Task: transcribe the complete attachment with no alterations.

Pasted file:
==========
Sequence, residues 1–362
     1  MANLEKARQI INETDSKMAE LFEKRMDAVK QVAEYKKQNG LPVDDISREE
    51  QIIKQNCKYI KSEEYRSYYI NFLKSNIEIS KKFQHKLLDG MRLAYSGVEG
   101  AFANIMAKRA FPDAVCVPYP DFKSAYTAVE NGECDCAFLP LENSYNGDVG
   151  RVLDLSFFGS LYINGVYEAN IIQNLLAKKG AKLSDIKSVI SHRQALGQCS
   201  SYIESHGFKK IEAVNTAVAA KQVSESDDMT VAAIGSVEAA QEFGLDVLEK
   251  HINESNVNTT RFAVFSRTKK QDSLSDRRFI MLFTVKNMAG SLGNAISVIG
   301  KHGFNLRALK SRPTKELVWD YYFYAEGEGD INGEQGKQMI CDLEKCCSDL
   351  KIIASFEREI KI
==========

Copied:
Sequence, residues 1–362
     1  MANLEKARQI INETDSKMAE LFEKRMDAVK QVAEYKKQNG LPVDDISREE
    51  QIIKQNCKYI KSEEYRSYYI NFLKSNIEIS KKFQHKLLDG MRLAYSGVEG
   101  AFANIMAKRA FPDAVCVPYP DFKSAYTAVE NGECDCAFLP LENSYNGDVG
   151  RVLDLSFFGS LYINGVYEAN IIQNLLAKKG AKLSDIKSVI SHRQALGQCS
   201  SYIESHGFKK IEAVNTAVAA KQVSESDDMT VAAIGSVEAA QEFGLDVLEK
   251  HINESNVNTT RFAVFSRTKK QDSLSDRRFI MLFTVKNMAG SLGNAISVIG
   301  KHGFNLRALK SRPTKELVWD YYFYAEGEGD INGEQGKQMI CDLEKCCSDL
   351  KIIASFEREI KI